I covered most of the available factory ammunition in my two previous reviews, and refer you there for information on those, but I have really been impressed by a factory load that was not available to me when those earlier reviews were written. Barnes is now loading their 110 grain TAC-TX bullet that I hand-loaded in the previous reviews into factory ammunition. In South Carolina back in September, we had the opportunity to fire that load into ballistic gelatin to measure expansion and penetration of that bullet. Those bullets performed perfectly every time. Shot after shot, every bullet expanded perfectly, with almost two feet of penetration. This Barnes load would be my choice for a supersonic 300 Blackout factory load to use on deer and hogs.

I donít really know why exactly, but I like this little single-shot AAC 300 Blackout more than I do either of the AR-15s that I have in 300. This little jewel is just so compact and efficient! It stows almost anywhere, whether in the case or assembled. The sound suppressor adds several ounces and some length, so I will likely use the weapon without the device attached most of the time. However, when I have to make a shot and do so discreetly, screwing on the suppressor takes only a few seconds, and with the suppressor attached, the overall length is still under thirty-eight inches. For those with an AAC suppressor, AAC offers this little rifle with their muzzle brake/flash hider that has a quick-attach for the AAC can. Mine came with just the thread protector for the 5/8x24 TPI threaded muzzle. While the 300 Blackout is an ideal cartridge for an SBR (short-barreled rifle) or a sixteen inch AR, this little single-shot rifle is the one that stole my heart. Since the first one I fired at the Freedom Group Writerís Seminar months ago, I have had an itch for one of these, and I am now finally able to scratch that itch.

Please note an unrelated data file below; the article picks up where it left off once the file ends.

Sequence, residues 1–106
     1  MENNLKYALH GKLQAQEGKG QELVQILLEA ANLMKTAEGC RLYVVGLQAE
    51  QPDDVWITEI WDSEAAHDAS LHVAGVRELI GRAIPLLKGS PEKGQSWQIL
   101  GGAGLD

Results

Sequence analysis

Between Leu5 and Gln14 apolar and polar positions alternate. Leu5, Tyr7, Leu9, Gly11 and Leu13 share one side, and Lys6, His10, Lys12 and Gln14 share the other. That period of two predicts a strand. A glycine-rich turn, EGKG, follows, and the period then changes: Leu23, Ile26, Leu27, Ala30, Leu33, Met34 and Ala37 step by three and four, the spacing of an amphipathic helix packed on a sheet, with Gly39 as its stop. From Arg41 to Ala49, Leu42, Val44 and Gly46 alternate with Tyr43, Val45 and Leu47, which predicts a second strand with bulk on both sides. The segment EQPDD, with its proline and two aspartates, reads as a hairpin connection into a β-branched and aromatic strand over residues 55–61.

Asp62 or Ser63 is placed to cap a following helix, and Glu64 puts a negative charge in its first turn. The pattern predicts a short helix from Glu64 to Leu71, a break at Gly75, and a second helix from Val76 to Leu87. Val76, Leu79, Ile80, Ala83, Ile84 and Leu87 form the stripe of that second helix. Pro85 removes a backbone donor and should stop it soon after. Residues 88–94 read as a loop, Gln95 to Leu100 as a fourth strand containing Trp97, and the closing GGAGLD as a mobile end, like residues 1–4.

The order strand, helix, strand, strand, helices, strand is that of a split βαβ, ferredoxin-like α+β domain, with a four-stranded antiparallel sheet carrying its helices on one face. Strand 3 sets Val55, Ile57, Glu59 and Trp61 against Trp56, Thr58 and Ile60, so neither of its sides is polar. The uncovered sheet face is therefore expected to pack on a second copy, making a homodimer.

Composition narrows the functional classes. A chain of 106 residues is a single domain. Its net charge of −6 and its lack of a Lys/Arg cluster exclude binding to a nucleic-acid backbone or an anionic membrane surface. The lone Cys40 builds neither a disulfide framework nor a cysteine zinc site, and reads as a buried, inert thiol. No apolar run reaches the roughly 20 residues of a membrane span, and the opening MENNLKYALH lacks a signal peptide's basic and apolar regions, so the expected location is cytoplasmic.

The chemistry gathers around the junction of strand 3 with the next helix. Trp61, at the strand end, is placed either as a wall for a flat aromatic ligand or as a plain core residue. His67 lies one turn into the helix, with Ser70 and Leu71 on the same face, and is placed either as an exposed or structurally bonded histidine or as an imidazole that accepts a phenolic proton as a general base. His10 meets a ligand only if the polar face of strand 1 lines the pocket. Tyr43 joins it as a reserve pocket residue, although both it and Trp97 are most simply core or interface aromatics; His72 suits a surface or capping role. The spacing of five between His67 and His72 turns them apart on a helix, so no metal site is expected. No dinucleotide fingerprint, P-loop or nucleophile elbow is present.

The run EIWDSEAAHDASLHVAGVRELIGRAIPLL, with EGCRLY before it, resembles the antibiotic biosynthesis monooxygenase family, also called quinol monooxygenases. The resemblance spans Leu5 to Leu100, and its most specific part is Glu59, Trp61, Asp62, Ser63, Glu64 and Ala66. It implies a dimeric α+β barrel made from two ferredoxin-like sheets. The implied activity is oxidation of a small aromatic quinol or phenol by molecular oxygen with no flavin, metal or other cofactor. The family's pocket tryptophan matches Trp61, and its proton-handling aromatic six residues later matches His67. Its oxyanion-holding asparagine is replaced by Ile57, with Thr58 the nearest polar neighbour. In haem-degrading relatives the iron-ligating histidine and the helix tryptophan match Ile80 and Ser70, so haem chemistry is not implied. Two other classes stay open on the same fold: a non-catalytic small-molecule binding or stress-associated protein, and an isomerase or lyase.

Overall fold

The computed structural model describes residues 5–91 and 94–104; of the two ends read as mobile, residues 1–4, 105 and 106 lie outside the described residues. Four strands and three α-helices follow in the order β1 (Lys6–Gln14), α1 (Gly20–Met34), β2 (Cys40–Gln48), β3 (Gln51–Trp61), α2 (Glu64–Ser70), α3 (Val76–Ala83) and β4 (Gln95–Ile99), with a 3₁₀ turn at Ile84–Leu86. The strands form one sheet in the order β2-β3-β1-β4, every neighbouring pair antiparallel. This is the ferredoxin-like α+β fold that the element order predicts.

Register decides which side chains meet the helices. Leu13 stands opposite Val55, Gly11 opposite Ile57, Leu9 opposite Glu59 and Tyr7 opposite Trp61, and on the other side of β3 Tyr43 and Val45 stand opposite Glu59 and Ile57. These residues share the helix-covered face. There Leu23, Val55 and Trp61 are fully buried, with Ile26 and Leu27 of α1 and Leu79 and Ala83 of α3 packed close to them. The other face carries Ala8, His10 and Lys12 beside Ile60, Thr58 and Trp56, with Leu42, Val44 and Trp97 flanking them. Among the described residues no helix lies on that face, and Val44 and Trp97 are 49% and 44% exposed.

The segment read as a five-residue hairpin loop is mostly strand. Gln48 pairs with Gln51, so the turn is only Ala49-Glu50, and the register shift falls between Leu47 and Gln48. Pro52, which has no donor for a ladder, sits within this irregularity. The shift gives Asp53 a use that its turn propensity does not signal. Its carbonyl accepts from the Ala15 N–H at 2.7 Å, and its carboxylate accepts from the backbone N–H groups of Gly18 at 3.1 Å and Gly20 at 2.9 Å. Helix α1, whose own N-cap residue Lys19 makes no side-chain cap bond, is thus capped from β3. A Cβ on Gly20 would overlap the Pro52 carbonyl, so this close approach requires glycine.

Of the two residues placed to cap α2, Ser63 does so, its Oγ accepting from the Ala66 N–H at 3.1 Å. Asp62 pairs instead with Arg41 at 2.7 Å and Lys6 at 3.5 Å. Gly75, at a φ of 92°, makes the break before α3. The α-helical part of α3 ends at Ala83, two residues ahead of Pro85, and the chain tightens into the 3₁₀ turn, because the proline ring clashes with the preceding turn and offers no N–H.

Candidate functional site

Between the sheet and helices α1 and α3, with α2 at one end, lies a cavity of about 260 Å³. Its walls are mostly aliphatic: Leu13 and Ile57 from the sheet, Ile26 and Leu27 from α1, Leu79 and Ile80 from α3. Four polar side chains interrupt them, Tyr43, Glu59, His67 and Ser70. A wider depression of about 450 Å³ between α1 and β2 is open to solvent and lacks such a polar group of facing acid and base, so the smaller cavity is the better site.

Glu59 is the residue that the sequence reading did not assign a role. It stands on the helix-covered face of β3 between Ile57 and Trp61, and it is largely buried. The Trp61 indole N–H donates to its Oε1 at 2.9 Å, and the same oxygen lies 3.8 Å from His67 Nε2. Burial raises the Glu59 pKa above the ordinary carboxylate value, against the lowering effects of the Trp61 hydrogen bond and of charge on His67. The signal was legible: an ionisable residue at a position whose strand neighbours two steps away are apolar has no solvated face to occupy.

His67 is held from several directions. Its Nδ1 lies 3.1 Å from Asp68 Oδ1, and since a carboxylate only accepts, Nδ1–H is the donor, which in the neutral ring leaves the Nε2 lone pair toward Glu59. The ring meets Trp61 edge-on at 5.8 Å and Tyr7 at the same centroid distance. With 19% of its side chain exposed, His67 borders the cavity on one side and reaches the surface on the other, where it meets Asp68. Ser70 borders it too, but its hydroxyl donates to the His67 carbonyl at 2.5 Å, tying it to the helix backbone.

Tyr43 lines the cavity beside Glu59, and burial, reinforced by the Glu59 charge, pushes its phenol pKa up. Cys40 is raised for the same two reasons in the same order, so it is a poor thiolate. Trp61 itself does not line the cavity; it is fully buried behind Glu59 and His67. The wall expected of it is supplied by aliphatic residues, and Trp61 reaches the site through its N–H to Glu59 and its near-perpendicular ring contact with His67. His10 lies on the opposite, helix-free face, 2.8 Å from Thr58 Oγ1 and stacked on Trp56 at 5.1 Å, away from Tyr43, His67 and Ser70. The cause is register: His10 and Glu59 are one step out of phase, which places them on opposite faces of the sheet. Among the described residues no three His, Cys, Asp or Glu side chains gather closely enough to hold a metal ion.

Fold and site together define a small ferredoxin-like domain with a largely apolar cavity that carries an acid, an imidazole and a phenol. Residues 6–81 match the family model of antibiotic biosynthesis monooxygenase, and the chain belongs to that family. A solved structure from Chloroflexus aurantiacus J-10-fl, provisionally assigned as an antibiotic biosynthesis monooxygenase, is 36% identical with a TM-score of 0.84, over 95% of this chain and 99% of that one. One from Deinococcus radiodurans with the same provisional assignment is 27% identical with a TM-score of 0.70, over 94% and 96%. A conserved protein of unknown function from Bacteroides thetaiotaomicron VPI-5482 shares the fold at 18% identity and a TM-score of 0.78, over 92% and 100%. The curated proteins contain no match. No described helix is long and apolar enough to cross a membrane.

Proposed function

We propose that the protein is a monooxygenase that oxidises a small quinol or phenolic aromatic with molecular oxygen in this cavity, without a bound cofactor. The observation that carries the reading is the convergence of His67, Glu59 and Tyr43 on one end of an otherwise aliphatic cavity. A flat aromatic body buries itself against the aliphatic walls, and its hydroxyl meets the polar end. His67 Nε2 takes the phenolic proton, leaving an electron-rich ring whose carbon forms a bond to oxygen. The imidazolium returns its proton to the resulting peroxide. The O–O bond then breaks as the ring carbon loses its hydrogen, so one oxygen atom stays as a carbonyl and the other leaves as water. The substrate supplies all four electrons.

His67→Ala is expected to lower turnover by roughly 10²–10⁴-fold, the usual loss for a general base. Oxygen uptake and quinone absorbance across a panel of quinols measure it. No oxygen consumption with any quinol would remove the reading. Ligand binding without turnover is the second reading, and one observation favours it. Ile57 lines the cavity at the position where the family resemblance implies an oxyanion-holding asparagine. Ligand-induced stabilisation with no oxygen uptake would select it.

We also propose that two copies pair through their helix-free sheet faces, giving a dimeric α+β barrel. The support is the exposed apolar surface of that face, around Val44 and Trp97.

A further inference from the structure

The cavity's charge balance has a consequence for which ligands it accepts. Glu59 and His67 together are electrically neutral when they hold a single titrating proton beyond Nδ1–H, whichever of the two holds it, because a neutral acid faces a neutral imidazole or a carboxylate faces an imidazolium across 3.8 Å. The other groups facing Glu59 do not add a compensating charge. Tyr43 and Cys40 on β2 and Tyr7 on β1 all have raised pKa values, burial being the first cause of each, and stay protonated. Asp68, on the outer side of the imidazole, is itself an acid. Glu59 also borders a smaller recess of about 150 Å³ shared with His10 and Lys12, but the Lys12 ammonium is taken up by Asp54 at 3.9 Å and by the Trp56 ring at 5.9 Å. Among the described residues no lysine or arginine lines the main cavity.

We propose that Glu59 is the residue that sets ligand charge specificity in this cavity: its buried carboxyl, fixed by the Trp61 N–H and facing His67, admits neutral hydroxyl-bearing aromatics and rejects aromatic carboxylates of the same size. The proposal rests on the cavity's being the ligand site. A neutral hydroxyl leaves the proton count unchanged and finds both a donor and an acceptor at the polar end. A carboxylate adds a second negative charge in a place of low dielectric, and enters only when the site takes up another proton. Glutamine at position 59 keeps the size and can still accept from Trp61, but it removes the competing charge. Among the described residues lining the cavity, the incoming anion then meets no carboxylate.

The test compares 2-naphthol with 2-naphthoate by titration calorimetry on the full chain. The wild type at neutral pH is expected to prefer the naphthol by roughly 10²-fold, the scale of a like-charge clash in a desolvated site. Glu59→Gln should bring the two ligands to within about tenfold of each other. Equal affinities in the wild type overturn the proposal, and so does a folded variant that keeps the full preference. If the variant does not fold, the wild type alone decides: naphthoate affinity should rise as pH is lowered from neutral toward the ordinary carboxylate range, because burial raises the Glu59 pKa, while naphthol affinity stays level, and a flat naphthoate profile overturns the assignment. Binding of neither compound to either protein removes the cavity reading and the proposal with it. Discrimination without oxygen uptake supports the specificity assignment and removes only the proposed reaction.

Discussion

For more information on the 300 Blackout cartridge, go to

For the location of an Advanced Armament dealer near you, go to

For high performance subsonic and supersonic 300 Blackout ammunition, go to,,, and

For details on the Leupold Mark 4 MR/T 300 Blackout riflescope and other quality optics, got to

To order the compact carry case, go to

Jeff Quinn

NOTE: All load data posted on this web site are for educational purposes only. Neither the author nor assume any responsibility for the use or misuse of this data. The data indicated were arrived at using specialized equipment under conditions not necessarily comparable to those encountered by the potential user of this data.  Always use data from respected loading manuals and begin working up loads at least 10% below the loads indicated in the source manual.

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AAC Single-Shot (right) compared to S&W 300 Whisper/300 Blackout AR-15 (left).



John Hollister of AAC shooting a Single-Shot rifle in South Carolina.



Sound suppressor attaches easily to threaded barrel. Even with the can attached, the AAC carbine is still light and handy.



Leupold Mark 4 MR-T Tactical scope with illuminated 300 Blackout reticle.



Accuracy was tested from the bench using a Target Shooting, Inc. Model 1000 rifle rest and Leupold Mark 4 8.5 to 25 power scope.



Accuracy was excellent.